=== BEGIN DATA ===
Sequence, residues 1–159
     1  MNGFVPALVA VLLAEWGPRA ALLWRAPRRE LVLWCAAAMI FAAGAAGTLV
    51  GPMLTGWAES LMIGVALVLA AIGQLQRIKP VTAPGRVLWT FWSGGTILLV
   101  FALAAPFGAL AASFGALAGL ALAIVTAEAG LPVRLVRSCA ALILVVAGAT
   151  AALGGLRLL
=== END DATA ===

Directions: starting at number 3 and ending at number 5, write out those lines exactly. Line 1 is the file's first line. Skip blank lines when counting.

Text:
    51  GPMLTGWAES LMIGVALVLA AIGQLQRIKP VTAPGRVLWT FWSGGTILLV
   101  FALAAPFGAL AASFGALAGL ALAIVTAEAG LPVRLVRSCA ALILVVAGAT
   151  AALGGLRLL